Why would demons pretend to be other-worldly creatures? I'll respond with another question; why would demons pretend to be the souls of deceased people during seances or while speaking through mediums? All of the mediums will tell the grieving person who has lost someone that the deceased are "fine and happy." Of course, this is what we would all like to hear, but how is it possible that all people died within the True Church in the state of sanctifying grace? Hell and damnation are never even considered as possibilities. In the case of impersonating the souls of the dead, demons prey on the fear of death and the unknown. People want to hear "you will be happy when you die" no matter how they live. They want to hear that their father, grandmother, aunt, etc., are in Heaven no matter what they believed or did. In the case of aliens, demons would prey on humanity's hopes, rather than fears. Humans have always been fascinated by space (astrology has always been popular) and space exploration (astronomy has also held a high popularity). Millions of people want an end to disease, hunger, war, poverty, etc., and what better way to appeal to them than to pervert these hopes and tell them you can have paradise in this life and apart from God?
Extraterrestrial Life and Theology
(The opinions expressed in this section are just that--mere opinions of a layman. To the best of my knowledge and belief, no approved theologians ever wrote on this topic. I submit everything to the judgement of Holy Mother Church, if and when a true pope is restored. I will immediately, and without reservation, submit to the Magisterium's decision.---Introibo).
Suppose, ad arguendo, intelligent alien life does exist. Sadly, most speculation about intelligent aliens leaves out God entirely. In science fiction, Catholicism is never mentioned except in the novel The Sparrow, (2008) by Mary Doria Russell in which a team of scientists and Jesuit priests (V2 sect) travel to another planet to meet an intelligent species. Even more rare are stories in which the True God is also God of the alien species. If religion appears at all, it is often a mystical religion in a primitive alien culture, not something relevant for the human characters. Another exception is Protestant C.S. Lewis’ space trilogy, in which a human meets creatures on Mars and Venus who also know the True God.
Some people say that since the Bible doesn’t mention life on other planets, such cannot exist. However, the Bible also doesn’t mention Saturn’s rings, galaxies, or DNA, yet it obviously doesn't mean they don't exist. Traditionalists see them as God’s creation. Many parts of the Bible are provincial, and intentionally so. The Bible does not attempt to be comprehensive about the entire Earth or people living on other continents. Nevertheless, the Bible’s claims are also cosmic in scope. Passages like Genesis 1, St. John 1, and Colossians 1 clearly speak of God as the Creator of all things, with no exception. St. Paul writes in Colossians 1:16 “For in Him all things were created: things in heaven and on Earth, visible and invisible, whether thrones or powers or rulers or authorities; all things have been created through Him and for Him.” It certainly seems that these passages speak not only of the Earth but of the entire cosmos, including any intelligent life beyond Earth, if such exists. God is the Creator of all the worlds and whatever life is in them.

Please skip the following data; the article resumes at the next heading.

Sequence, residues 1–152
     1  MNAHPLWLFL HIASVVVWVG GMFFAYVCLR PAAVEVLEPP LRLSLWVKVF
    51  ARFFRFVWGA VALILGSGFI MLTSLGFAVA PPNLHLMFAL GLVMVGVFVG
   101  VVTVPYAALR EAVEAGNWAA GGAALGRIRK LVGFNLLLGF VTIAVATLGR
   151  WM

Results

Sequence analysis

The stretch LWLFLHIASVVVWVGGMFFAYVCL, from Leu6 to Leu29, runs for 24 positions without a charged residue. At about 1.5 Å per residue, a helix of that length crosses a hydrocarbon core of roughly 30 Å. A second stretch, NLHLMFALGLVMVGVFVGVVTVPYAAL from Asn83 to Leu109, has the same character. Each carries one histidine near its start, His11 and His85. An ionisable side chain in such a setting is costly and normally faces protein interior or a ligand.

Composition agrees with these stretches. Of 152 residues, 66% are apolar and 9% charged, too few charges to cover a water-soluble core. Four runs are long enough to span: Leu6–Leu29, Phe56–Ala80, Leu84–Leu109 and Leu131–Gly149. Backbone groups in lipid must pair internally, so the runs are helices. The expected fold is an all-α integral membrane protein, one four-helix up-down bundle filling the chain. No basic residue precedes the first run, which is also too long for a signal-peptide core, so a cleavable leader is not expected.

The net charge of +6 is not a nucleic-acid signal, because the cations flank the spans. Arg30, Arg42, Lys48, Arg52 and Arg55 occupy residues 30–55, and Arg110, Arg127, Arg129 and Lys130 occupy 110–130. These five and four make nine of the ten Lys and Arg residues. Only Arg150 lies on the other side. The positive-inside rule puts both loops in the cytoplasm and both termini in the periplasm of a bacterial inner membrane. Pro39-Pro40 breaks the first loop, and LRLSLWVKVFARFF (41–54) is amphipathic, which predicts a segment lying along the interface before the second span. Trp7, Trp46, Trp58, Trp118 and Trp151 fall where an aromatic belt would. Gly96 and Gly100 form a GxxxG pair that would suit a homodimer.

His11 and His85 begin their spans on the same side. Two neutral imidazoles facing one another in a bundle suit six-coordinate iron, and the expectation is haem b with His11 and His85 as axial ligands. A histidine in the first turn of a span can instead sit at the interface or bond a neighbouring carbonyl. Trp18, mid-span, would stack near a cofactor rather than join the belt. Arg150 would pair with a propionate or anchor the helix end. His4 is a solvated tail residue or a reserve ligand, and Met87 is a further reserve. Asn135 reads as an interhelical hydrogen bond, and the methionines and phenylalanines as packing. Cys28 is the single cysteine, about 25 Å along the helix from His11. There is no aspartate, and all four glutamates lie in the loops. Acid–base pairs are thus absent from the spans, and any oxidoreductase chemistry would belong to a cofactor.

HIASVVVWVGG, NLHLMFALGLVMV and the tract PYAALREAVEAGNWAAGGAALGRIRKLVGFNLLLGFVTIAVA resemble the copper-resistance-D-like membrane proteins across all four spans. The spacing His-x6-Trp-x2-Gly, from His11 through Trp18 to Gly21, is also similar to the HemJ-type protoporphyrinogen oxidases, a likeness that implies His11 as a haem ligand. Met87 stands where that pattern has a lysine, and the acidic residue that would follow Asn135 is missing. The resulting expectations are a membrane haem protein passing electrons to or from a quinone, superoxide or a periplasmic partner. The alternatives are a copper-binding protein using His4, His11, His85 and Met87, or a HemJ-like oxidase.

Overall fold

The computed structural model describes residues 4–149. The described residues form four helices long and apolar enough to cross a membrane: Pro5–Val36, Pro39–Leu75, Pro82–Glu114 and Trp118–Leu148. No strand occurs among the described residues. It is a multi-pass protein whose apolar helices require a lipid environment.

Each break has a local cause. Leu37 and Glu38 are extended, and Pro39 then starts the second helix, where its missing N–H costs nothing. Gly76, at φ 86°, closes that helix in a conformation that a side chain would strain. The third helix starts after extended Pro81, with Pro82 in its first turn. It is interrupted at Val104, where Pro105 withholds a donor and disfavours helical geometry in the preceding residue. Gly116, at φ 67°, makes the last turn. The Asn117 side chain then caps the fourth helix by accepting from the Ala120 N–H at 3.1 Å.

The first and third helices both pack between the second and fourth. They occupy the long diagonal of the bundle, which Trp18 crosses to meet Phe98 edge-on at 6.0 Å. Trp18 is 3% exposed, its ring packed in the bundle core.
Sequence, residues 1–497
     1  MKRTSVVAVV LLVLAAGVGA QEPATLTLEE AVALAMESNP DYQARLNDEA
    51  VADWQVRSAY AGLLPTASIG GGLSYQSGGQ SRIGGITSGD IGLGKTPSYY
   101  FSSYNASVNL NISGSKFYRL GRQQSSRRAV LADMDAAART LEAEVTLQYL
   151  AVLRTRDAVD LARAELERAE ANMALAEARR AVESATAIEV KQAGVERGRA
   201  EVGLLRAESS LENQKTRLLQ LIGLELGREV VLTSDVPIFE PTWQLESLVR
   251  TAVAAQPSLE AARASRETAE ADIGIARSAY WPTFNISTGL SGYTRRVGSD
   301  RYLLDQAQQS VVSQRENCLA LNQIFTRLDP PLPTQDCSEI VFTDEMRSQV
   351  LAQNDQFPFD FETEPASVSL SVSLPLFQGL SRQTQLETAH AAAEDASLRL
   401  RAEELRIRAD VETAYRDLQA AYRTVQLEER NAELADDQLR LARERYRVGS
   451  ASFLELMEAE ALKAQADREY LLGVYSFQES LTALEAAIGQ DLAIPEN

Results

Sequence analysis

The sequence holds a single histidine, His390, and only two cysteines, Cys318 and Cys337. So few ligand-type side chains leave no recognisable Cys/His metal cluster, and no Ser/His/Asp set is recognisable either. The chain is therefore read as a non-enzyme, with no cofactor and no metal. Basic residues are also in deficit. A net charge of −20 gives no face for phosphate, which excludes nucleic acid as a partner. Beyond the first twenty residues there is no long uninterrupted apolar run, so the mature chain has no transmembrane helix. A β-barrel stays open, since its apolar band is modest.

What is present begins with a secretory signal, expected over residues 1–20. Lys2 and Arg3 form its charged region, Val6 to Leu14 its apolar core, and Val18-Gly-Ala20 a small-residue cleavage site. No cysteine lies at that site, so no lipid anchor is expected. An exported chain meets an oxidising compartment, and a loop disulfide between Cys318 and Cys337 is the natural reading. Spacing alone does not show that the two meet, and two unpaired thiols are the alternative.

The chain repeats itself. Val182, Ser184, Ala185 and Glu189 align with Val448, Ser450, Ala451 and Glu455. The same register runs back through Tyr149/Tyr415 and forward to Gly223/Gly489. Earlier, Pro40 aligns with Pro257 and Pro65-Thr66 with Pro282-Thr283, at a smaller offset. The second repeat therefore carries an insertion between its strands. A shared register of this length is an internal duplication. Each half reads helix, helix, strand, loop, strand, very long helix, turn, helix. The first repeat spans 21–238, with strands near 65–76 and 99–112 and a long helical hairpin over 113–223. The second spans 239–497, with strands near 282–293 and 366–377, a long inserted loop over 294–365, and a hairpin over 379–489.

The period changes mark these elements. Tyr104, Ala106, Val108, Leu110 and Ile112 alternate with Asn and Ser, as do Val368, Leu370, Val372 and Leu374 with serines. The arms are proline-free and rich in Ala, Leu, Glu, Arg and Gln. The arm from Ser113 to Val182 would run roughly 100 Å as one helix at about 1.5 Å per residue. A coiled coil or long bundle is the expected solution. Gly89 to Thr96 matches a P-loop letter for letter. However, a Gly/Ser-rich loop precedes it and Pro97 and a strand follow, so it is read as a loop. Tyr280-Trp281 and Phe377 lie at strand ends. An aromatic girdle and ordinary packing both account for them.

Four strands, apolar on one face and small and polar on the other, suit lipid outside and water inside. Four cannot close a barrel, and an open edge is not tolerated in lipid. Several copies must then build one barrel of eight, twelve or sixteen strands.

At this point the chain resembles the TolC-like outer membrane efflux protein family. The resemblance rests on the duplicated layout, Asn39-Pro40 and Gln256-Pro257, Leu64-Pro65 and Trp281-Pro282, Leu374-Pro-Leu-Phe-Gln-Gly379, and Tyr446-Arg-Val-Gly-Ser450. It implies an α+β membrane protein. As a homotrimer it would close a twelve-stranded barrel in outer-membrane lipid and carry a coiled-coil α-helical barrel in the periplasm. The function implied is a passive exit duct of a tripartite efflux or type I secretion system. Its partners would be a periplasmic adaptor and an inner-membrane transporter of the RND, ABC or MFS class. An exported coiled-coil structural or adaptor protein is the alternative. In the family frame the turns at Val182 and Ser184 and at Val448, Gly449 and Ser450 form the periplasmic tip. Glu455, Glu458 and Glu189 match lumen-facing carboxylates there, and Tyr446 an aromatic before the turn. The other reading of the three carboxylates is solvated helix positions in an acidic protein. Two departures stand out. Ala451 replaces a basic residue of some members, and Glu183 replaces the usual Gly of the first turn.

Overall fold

I've read certain arguments, which make a case from theology, that humans must be the only intelligent species in the universe. Humans have a unique, special relationship with God that is not shared by other species on Earth. This can be extended to say that humans are unique in the universe as well. Humanity has an exclusive relationship with God.
A case from theology can be made that humans could be one of many intelligent species. Scripture shows that God is generous, even extravagant, in creating an Earth that is fruitful in producing many life forms. This can be extended to say that God has created a fruitful universe with many intelligent beings. Yet that wouldn’t diminish God’s love for us—just as God loves each individual, God has the capacity to love each species in a special way. God will not "waste all that [outer] space." Whether or not God created other intelligent beings, His love for them would not make humans less significant to Him. What relationship would an extraterrestrial species have with God?
Three Possibilities for Extraterrestrials or "Aliens" and Their Relation to God
1. Aliens never fell from God's grace. Perhaps other worlds have the situation we would have had on Earth if Adam and Eve had chosen to obey God. They passed their test and are not under the dominion of Original Sin. As the world (universe) was affected by Original Sin, this might explain their extraordinary abilities, such as visiting earth contrary to the laws of physics (if indeed they do visit).
2. Aliens were tested and fell from God's grace in a way different from humanity. This could be similar to the situation of angels in Scripture. There is no Redemption for fallen angels. Some aliens are in God's grace and others went straight to Hell.
3. Aliens are fallen but Redeemed by Christ. It would be heretical to state, or even imply, that Christ had multiple Incarnations. According to theologian Pohle, "The Logos will never dissociate Himself from His Manhood. This proposition embodies an Article of Faith." (See Dogmatic Theology, , 4:174). Is it possible that Christ, after His Resurrection, visited another planet and set up a "planetary diocese" where they would be informed of the papal decisions on Earth? Why would Christ become Incarnate here and not there? I don't know, but perhaps it's possible, even as it elicits more questions than answers, and really doesn't seem tenable . The idea of Bergoglio that he would "baptize aliens" seems just as implausible that God would leave a race without a means of salvation until they stumble upon us and ask for baptism.
People who have an unhealthy fascination regarding UFOs will many times get involved in the occult. Then the "alien encounters" begin. Mostly, it goes the opposite way; people involved in the occult will see UFOs. Given this occult connection, it makes sense that the "occult explosion" in the wake of Vatican II is behind the increasing UFO sightings and "abductions." If there really are extraterrestrials, it is in no way a defeater for Christianity. Stay away from the occult. Give evil an invitation to visit, and you'll have an Encounter of the Worst Kind.